Cosmetic surgery self-assessment
Many people who seek cosmetic surgery do it to feel better about themselves.
However, cosmetic surgery may not be appropriate for every person or every problem.
The plastic surgeon's body BAAPS (British Association of Aesthetic Plastic Surgeons) says the person considering a cosmetic procedure is the expert on their appearance and concerns. A cosmetic surgeon should not try to raise any extra concerns, but should give unbiased information about what is possible as well as explaining the risks.
Although cosmetic surgery is unlikely to be available on the NHS, a conversation with your GP about a possible procedure is free and non-judgemental.
If you are considering cosmetic surgery, take some time to contemplate these questions:
1. Why am I considering cosmetic surgery?
The healthiest reason to have cosmetic surgery is to improve your self-image -- the way that you feel about yourself. People who have a strong self-image are usually more confident, effective in work and social situations, and comfortable with their relationships. Cosmetic surgery is often thought of as psychological surgery. Its purpose is to enhance your feeling of well-being and to foster emotional health.
2. Am I having cosmetic surgery to please others or myself?
Make sure that you are considering cosmetic surgery for internal reasons having to do with yourself, and not external reasons. Cosmetic surgery cannot stop your partner from leaving you. It cannot bring you new friends. It cannot get you a better job. You'll likely be disappointed in the results if you are having cosmetic surgery to please someone else.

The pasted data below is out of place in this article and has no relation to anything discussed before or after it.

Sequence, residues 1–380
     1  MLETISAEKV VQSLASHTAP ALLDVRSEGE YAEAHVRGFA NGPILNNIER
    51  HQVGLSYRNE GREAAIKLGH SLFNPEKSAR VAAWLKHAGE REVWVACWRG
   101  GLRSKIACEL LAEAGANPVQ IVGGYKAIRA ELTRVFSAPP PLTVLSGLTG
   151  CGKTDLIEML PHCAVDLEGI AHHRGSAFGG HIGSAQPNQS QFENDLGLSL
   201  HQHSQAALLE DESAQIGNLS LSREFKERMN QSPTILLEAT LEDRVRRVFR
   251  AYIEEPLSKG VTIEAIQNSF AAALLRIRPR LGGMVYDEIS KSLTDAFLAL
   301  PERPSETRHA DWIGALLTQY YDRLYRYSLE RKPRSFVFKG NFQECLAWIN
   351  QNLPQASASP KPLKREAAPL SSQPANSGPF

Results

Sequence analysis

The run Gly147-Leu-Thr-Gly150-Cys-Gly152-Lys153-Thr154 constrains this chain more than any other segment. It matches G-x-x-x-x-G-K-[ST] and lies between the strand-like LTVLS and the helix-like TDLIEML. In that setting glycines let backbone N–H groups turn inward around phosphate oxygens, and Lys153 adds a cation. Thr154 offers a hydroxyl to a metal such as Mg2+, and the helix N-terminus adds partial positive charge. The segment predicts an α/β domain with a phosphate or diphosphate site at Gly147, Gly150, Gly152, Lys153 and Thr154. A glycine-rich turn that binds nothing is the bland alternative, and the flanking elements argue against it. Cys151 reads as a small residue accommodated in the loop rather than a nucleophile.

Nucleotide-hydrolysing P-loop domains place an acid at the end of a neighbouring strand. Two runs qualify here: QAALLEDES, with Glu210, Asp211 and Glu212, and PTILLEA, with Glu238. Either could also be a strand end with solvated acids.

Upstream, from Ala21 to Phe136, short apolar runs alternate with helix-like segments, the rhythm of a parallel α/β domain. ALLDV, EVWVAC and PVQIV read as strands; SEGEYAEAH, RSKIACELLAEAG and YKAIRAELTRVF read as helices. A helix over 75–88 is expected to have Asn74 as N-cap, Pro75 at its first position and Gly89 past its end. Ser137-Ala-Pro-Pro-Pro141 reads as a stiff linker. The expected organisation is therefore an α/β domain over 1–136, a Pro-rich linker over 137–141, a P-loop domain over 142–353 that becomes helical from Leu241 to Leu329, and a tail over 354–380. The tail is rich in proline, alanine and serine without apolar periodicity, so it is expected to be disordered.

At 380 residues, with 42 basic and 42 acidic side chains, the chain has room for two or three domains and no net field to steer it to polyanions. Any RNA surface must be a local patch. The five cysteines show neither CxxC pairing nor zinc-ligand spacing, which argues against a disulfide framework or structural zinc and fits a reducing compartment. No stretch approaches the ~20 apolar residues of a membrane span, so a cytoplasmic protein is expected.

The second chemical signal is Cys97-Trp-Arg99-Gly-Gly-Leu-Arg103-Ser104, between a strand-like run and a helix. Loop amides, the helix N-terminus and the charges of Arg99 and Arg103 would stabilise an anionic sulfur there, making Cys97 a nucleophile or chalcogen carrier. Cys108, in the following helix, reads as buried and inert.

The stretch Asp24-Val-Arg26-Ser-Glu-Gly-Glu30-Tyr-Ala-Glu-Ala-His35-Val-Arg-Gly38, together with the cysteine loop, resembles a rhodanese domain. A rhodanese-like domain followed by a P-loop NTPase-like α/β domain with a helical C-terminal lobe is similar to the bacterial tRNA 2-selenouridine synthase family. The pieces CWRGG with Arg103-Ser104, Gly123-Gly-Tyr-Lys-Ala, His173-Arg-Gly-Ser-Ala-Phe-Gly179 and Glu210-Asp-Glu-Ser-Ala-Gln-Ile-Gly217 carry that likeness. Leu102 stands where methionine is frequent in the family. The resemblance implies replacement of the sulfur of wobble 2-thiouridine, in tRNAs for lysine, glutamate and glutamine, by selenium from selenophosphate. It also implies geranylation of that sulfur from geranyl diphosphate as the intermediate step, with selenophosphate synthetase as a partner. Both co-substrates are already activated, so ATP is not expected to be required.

3. Are my expectations realistic?
Having realistic expectations may be the single most important factor in achieving a successful result. Cosmetic surgery can dramatically improve your appearance, but it has limitations. It is unwise to expect that cosmetic surgery can create the face of a celebrity (with the hope of acquiring a celebrity lifestyle) or restore the lost youth of decades past.
4. Am I emotionally prepared for cosmetic surgery?
There are certain circumstances under which cosmetic surgery may be inappropriate. These include a crisis or an emotional upheaval such as divorce, death of a spouse or loss of a job. Also, surgeons are reluctant to consider cosmetic surgery on patients who are depressed, have significant mental illness, are impossible to please, or are obsessed with perfection.
5. Is now the best time for cosmetic surgery?
Even if you are emotionally prepared for cosmetic surgery, you may want to delay surgery if you are under external pressure or preoccupied with other matters. Plan your surgery when you are relaxed and can afford the time to convalesce and heal afterwards. Otherwise, you may face longer and more difficult recovery periods.
6. How will I adjust to the change in my body image?
It may take some time for you to adjust to your new body image. This is especially true for procedures that create a major change to your face, such as nose surgery ( rhinoplasty). Procedures such as botulinum toxin injections (Botox, Dysport and Vistabel), which merely create a younger looking you, are easier to accept.